To address Russian manpower shortage in Ukraine, Evgeny Prighozin began recruiting in Russian prison colonies, offering six-month contracts with the promise of commutation of their sentences if the convicts survived. Despite offering a blunt assessment that 80% of prison recruits would not survive the enlistment period, the prospect of serving long sentences in Russia’s miserable and overcrowded prisons has helped enable recruitment.
As little as a week of training is provided to prisoners before deployment to the front lines. This is understandable given that prison recruits function much in the same way as Soviet penal battalions in WWII; they are used in frontal attacks designed, not to take objectives, but to force Ukrainian forces to fire, thus revealing their concealed positions to Russian forward artillery observers (Russian military doctrine relies heavily on the use of massed artillery). Prisoners may be offered less than the usual Wagner rate of $4000 per month, but since full payments are usually made to Wagner operatives only at the end of their contract, many will never collect. They are not covered by insurance and offers to provide compensation to families of dead prisoner-recruits are rarely committed to paper and thus worthless.
Some six-month enlistments and their subsequent commutations of sentence are reported to be for sale to rich inmates in Russian prison colonies. Purchasers are advised to lie low outside of Moscow or St. Petersburg until six months have passed, at which time they can emerge safely with no criminal record.
How do the Russians treat the Group’s activity? Do they regard them as patriots, experts in dirty work or common criminals?
It is difficult to gauge Russian popular opinion in the absence of a free media. Abandoning a policy of keeping a low profile within Russia, Wagner has recently been hailed by Kremlin-controlled media as an important element on the frontlines in Ukraine. Prior to the invasion of Ukraine, little was ever said in Russian media regarding Wagner activities. Russian perceptions of Wagner thus tend to be based on Kremlin propaganda efforts and Wagner’s own public relations department, which produces films, statues, t-shirts, Facebook pages and billboards praising the work of Wagner personnel.
The Wagner Group is not the only private army in the world. How many are there? Moreover, how are they used by other governments?
It is very difficult to say how many “private armies” there are in the world. Part of the problem is a matter of definitions – is every private armed security company a “private army”? Private Military Contractors (PMCs) tend to come and go in the marketplace. Some, like Blackwater, change their names on a regular basis. Some can be very dangerous; others, like the Atholl Highlanders, the last private army in Europe before the emergence of the Wagners, are purely ceremonial.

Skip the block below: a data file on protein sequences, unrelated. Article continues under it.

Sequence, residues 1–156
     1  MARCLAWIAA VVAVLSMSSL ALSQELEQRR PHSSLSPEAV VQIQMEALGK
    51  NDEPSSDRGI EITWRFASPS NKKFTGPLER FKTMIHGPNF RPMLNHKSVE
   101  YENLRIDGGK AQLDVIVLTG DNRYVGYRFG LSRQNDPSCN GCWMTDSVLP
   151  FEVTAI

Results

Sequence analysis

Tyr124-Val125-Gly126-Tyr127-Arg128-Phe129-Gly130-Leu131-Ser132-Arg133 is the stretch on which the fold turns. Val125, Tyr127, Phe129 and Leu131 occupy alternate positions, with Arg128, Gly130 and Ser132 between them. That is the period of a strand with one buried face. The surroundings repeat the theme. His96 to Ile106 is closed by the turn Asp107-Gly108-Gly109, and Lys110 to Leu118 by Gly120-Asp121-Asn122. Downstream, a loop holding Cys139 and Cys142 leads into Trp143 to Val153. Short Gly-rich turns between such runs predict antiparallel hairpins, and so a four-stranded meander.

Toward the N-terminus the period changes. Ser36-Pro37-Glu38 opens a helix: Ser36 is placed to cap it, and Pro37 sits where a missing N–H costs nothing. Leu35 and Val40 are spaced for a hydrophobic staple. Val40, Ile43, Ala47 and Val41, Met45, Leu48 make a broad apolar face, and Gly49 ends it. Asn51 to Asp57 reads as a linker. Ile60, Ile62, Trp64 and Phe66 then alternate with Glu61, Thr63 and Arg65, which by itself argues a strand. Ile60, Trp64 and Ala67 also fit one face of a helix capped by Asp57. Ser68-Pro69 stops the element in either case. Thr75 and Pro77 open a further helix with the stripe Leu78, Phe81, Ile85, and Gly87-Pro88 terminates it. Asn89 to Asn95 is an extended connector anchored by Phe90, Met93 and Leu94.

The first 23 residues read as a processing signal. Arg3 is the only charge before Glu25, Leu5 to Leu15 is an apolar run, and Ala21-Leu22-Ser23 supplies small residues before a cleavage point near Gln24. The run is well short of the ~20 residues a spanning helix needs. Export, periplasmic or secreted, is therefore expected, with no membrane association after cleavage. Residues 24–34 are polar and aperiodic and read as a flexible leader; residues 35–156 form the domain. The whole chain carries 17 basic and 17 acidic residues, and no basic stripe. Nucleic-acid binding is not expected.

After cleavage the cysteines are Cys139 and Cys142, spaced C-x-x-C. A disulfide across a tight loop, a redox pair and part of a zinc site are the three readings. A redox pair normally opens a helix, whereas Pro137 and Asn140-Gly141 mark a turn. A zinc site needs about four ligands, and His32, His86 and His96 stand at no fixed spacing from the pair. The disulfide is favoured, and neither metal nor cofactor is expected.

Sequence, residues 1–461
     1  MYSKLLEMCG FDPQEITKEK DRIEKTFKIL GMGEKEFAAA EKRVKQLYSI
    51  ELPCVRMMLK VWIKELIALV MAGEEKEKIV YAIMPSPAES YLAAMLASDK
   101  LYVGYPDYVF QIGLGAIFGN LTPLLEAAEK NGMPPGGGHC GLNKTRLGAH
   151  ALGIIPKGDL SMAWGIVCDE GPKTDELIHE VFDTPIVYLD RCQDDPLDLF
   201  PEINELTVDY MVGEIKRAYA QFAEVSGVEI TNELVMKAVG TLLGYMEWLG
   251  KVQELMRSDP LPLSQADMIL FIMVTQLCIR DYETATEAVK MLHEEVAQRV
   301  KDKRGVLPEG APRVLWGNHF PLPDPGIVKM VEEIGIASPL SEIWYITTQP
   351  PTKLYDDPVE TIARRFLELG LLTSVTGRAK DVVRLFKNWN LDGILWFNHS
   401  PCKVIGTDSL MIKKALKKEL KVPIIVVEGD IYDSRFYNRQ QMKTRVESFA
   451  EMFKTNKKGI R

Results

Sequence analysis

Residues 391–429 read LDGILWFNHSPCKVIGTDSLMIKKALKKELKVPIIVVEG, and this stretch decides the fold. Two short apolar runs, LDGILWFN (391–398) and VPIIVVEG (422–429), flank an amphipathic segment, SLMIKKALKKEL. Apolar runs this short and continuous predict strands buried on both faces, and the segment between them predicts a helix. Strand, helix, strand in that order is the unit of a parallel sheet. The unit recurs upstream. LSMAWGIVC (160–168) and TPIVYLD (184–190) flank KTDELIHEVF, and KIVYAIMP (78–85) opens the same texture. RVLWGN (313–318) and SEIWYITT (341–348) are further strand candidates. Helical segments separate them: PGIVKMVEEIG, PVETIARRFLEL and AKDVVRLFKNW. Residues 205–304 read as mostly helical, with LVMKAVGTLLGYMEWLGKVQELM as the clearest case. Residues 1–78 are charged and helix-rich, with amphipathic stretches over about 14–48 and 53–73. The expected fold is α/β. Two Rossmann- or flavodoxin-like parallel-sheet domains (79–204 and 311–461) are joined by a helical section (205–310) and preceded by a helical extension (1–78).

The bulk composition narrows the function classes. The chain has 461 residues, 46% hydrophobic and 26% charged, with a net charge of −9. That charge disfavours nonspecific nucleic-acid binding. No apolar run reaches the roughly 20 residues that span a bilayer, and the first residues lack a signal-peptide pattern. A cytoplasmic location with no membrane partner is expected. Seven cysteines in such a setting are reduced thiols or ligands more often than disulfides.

Employment of “private armies” by national governments can be undertaken for the following reasons:
1/ National militaries lack the arms or skills to prevail in a security crisis;
2/ National forces may be regarded as uncommitted or even a threat to regime survival;
3/ National forces may be insufficient in numbers to address an ongoing security threat;
4/ A regime may wish to take severe measures against its internal enemies through the short-term use of unaccountable troops.
Rather than operate as a “private army,” Wagner operatives have experienced close integration with Russian regular forces in recent months despite occasionally violent rivalries between the two forces.
Wagner is not an elite unit, and was never designed or intended for use on European battlefields in a conventional war. The use of poorly-disciplined veterans (many with troubled service records or criminal convictions) and volunteers seeking an early release from Russia’s prison colonies can in no way tip the scales of the Ukraine conflict in Russia’s favor. Instead, their use side-by-side with Russian regulars has merely served to dispel the pretence that Wagner operatives have no connection to the Russian state, severely diminishing their usefulness abroad. Wagner’s brutal methods, its failure to subdue jihadist or rebel movements and its devotion to profit over security will ultimately backfire in most of its foreign deployments. As a means of establishing a broad Russian geo-political presence in resource-rich and strategically important nations, the Wagner approach and its rapid spread has alarmed the West. However, so long as Wagner personnel remain unaccountable to any authority, even despite now clearly-established ties to the Kremlin, short-term success can only be followed by long-term failure.
Aberfoyle International Security is a Toronto-based independent consulting firm specializing in international security analysis. According to the US press in 2011, among the materials found in Bin Laden’s Pakistani hideout there were more than 50 articles written by its current director, Andrew McGregor.